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    While the freezing nonsense never worked for me, I do know that replacing the PCB on the drive WILL result in total loss unless you're VERY handy with electronics.

    Pay a professional before you lose your data for good.
     
  14. MikeG22

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    Try this place:
    http://www.adv-data.com/

    I've sent a number of drives from work to them and they've always been able to recover all my data. Even in advanced raid 5 arrays with mulitple disk failures. For normal IDE drives I think they are actually pretty cheap. My buddy was in nearly the exact same situation and I think it was like 100 bucks. Anyhow, they do a free diagnostic if you send them the drive, will tell you for sure if they can get the data off, the price and they have a no data/no pay guarentee. Hard to beat.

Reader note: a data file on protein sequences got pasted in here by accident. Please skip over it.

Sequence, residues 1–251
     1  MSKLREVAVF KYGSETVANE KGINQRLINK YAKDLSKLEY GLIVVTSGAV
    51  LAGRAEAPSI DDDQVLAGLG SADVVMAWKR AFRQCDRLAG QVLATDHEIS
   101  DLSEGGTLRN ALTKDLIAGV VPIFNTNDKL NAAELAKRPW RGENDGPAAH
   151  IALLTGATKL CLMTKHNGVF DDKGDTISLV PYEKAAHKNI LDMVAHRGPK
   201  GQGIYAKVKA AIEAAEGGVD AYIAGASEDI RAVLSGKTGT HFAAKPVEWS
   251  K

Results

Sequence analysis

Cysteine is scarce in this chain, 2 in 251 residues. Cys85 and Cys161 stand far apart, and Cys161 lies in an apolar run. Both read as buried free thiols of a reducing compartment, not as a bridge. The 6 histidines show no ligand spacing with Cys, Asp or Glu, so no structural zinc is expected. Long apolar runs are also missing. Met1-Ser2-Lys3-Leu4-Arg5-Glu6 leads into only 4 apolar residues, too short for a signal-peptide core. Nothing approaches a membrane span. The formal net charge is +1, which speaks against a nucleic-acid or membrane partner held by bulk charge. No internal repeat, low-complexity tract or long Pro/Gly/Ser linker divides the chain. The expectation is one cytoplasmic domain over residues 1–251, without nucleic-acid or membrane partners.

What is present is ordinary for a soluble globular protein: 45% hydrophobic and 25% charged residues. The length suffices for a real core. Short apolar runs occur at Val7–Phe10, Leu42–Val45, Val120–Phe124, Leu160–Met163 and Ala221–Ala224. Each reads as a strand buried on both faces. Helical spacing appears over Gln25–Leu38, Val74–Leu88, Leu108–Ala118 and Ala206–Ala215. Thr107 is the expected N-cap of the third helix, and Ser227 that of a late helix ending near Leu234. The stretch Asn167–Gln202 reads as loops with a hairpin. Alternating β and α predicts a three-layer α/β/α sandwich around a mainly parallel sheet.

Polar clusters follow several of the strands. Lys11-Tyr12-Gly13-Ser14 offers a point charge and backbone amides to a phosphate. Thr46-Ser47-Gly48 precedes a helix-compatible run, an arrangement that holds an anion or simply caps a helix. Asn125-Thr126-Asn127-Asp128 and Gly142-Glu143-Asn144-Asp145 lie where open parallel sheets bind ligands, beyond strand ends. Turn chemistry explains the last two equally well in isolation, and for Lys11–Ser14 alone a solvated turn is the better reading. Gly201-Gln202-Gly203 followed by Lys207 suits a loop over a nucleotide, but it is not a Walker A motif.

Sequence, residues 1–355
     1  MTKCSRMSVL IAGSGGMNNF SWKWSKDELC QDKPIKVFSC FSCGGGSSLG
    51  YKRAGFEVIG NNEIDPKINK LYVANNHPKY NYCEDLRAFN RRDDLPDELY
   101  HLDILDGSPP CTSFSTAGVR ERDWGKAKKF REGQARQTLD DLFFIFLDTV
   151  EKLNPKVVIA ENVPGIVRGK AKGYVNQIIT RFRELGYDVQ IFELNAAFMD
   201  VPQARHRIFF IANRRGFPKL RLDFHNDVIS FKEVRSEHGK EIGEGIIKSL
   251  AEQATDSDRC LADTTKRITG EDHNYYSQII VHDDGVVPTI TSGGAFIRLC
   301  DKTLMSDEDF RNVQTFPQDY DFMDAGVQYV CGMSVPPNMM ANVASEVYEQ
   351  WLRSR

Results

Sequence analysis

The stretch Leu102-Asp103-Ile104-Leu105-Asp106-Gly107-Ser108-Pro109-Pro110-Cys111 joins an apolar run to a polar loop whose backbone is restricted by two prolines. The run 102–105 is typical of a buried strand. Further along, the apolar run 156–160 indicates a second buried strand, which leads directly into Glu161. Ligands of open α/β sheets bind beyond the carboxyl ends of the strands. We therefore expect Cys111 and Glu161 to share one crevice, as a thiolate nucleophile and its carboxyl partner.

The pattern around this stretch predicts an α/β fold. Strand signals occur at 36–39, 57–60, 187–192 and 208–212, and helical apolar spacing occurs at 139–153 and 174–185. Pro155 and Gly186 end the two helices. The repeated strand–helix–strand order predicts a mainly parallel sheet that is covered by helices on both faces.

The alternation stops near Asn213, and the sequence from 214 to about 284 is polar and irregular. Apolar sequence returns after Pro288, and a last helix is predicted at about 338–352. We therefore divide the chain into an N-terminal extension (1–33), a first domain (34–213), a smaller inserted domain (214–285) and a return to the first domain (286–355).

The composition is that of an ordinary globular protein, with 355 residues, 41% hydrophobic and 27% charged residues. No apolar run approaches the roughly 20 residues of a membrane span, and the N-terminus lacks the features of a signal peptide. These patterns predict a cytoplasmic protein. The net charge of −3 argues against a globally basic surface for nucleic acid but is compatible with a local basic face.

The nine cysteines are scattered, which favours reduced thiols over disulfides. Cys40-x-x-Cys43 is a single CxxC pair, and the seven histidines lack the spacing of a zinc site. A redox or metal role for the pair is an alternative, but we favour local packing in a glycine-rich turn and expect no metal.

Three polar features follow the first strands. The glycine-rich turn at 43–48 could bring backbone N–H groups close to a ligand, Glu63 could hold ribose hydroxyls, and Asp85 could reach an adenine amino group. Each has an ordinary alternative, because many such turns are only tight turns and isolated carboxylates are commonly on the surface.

I have seen the freezer trick work. Just be careful, the more times you try to boot off it the more problems you can create so be aware of that, might be better not to mess around and let a pro take care of it.
     
  15. southparkaddict

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    Just my .02, here. I supervise an IT help desk (we're primarily a Dell shop, for the record). At least once a week, we get a PC back with a "dead" hard drive. The freezer trick (30-45 min) works. If the freeze doesn't work, the drive is DOA. If the drive is DOA, your only option is a data recovery specialist. But, check around ...not everyone is as expensive as drivesavers.com ...we've had a few hard drives recovered for just a few hundred bucks. It also depends on what's "critical" to you. Obviously, the pix of the deceased relatives are number one, followed by your photography collection. Prioritize the files after that.

    I hope this helps ...if not, sorry :(